Defending rights in Ukraine and the European Union: ombudsmen in action
September 15, 2023

Defending rights in Ukraine and the European Union: ombudsmen in action

Author: Yuliia Manuilova

In a world marked by increasing complexity and a growing emphasis on democratic values and the effective protection of human rights, the role of the ombudsman has become essential over the past decades. Ombudsman institutions are independent and impartial bodies that are entrusted with safeguarding the rights and interests of the people they represent. While ombudsmen exist in various forms and functions across the globe, in this blog I delve into a comparative analysis of the roles and functions of two distinct but yet equally vital ombudsman institutions – the European Ombudsman and the Ukrainian Ombudsman.

The legal basis and establishment of Ombudsman offices:

EU: The European Ombudsman was established by the Maastricht Treaty in 1992 giving every citizen of the European Union the right to apply to the Ombudsman. There are two Ombudsman offices in both Strasbourg and Brussels. 

As a general rule, the European Ombudsman is elected by the European Parliament and empowered to receive complaints from any citizen of the Union or any natural or legal person residing or having its registered office in a Member State concerning instances of maladministration in the activities of the Union institutions, bodies, offices or agencies. (Article 228 of Treaty on the Functioning of the EU) 

However, the Ombudsman doesn’t have the authority to investigate the European Court of Justice in its judicial capacity, the General Court, the Civil Service Tribunal, national and regional governments (even if they’re dealing with EU law), the judiciary, private individuals, or businesses. If the Ombudsman finds that there has been maladministration(administrative irregularities, unfairness, discrimination, abuse of power, failure to reply, refusal of information or unnecessary delay), they will appeal to the institution or agency responsible, which has three months to explain their side of the story. After that, the Ombudsman sends a report to the European Parliament and the institution or agency in question. The person who made the complaint will also be informed of the result of the investigation.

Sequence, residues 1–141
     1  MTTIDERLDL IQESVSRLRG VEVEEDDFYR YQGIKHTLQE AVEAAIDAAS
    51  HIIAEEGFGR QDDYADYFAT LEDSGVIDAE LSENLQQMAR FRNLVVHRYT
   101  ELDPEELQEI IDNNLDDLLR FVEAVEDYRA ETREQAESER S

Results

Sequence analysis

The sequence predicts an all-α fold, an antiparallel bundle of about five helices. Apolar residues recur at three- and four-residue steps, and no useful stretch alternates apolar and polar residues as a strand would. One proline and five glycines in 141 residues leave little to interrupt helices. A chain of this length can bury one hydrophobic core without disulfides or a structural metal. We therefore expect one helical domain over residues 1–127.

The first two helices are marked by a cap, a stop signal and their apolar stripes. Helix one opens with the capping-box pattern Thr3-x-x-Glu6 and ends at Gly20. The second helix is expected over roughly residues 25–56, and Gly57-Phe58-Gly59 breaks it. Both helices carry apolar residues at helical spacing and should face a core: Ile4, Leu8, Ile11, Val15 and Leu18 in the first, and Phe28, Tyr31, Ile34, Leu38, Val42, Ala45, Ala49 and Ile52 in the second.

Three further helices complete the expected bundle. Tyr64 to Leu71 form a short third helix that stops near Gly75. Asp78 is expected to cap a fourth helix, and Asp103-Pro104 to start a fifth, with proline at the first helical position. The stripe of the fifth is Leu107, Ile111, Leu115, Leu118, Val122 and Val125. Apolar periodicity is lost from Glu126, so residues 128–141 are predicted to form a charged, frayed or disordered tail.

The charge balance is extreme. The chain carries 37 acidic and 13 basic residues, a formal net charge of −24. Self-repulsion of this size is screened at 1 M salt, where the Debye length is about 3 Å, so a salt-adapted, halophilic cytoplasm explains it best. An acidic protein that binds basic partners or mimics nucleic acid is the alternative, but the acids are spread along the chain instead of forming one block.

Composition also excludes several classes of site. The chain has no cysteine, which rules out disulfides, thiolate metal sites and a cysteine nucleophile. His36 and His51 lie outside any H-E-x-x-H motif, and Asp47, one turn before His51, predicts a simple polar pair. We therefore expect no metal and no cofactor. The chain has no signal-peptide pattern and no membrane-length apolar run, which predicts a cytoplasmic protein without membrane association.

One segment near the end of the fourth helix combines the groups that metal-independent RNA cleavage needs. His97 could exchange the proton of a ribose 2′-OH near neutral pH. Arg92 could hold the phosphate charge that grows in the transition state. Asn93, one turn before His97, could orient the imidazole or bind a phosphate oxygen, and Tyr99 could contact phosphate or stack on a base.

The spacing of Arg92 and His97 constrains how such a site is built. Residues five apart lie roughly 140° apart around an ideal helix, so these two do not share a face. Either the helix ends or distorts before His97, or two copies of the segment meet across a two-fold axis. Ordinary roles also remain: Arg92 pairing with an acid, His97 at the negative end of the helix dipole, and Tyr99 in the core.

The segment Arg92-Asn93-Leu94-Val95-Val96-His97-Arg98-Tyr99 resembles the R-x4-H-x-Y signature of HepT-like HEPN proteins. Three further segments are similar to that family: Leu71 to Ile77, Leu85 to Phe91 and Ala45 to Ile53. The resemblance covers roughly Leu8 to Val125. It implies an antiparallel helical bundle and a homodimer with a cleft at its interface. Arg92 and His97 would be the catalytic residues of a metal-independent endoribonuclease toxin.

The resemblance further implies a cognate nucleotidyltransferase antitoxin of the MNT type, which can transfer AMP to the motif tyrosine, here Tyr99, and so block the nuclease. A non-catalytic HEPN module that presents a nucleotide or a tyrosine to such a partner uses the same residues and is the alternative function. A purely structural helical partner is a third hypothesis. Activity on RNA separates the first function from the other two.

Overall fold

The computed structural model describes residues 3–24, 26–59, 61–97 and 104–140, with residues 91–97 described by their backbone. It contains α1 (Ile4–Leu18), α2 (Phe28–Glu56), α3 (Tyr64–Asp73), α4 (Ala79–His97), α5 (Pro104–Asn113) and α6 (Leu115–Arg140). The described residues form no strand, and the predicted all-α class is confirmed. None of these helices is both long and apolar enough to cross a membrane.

The current European Ombudsman, Emily O’Reilly, said: “My ambition is to support the EU institutions in becoming more effective, transparent and accountable by strategically increasing the visibility and impact of the work of the European Ombudsman.” ( 30 June 2014)

Ukraine: In Ukraine, the position of the Ombudsman has existed since 1998 and is called the Ukrainian Parliament Commissioner for Human Rights. The Commissioner is appointed to the position and can be dismissed from the position by the Verkhovna Rada of Ukraine through a secret vote by submitting ballots. The current Ukrainian Ombudsman is Dmytro Lubinets, and his role in the context of the war is exceptionally important. 

Accordingly, the Ombudsman’s responsibilities are aimed at protecting the constitutional rights and freedoms of people violated by public authorities, local governments or their officials. The Commissioner protects the rights of any citizen of Ukraine, foreigner or stateless person legally residing in the territory of the state. Additionally, these responsibilities extend to relations between legal entities of public and private law. 

Interested in the latest news and opportunities?

This website is managed by the EU-funded Regional Communication Programme for the Eastern Neighbourhood ('EU NEIGHBOURS east’), which complements and supports the communication of the Delegations of the European Union in the Eastern partner countries, and works under the guidance of the European Commission’s Directorate-General for Neighbourhood Policy and Enlargement Negotiations, and the European External Action Service. EU NEIGHBOURS east is implemented by a GOPA PACE-led consortium. It is part of the larger Neighbourhood Communication Programme (2020-2024) for the EU's Eastern and Southern Neighbourhood, which also includes 'EU NEIGHBOURS south’ project that runs the EU Neighbours portal.

The information on this site is subject to a Disclaimer and Protection of personal data. © European Union,